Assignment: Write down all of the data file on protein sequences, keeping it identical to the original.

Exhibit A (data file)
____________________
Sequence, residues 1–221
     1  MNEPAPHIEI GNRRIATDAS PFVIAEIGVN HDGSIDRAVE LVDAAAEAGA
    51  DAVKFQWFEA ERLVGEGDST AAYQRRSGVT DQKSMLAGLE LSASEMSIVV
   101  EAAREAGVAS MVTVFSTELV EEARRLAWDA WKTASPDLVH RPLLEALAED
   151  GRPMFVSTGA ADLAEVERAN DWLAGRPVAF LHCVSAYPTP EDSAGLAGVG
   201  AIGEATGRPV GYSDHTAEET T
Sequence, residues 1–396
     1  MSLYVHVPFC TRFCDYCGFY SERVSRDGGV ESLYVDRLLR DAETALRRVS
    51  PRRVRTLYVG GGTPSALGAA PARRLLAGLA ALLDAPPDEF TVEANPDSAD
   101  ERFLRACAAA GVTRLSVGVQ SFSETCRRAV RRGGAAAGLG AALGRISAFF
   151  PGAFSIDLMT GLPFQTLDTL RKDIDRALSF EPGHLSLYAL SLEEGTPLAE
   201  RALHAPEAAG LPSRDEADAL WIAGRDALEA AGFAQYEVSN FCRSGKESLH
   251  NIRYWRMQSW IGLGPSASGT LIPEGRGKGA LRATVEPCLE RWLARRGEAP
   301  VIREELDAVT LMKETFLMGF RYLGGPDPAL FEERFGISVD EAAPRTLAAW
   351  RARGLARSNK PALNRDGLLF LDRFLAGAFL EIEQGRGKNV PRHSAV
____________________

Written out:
Sequence, residues 1–221
     1  MNEPAPHIEI GNRRIATDAS PFVIAEIGVN HDGSIDRAVE LVDAAAEAGA
    51  DAVKFQWFEA ERLVGEGDST AAYQRRSGVT DQKSMLAGLE LSASEMSIVV
   101  EAAREAGVAS MVTVFSTELV EEARRLAWDA WKTASPDLVH RPLLEALAED
   151  GRPMFVSTGA ADLAEVERAN DWLAGRPVAF LHCVSAYPTP EDSAGLAGVG
   201  AIGEATGRPV GYSDHTAEET T
Sequence, residues 1–396
     1  MSLYVHVPFC TRFCDYCGFY SERVSRDGGV ESLYVDRLLR DAETALRRVS
    51  PRRVRTLYVG GGTPSALGAA PARRLLAGLA ALLDAPPDEF TVEANPDSAD
   101  ERFLRACAAA GVTRLSVGVQ SFSETCRRAV RRGGAAAGLG AALGRISAFF
   151  PGAFSIDLMT GLPFQTLDTL RKDIDRALSF EPGHLSLYAL SLEEGTPLAE
   201  RALHAPEAAG LPSRDEADAL WIAGRDALEA AGFAQYEVSN FCRSGKESLH
   251  NIRYWRMQSW IGLGPSASGT LIPEGRGKGA LRATVEPCLE RWLARRGEAP
   301  VIREELDAVT LMKETFLMGF RYLGGPDPAL FEERFGISVD EAAPRTLAAW
   351  RARGLARSNK PALNRDGLLF LDRFLAGAFL EIEQGRGKNV PRHSAV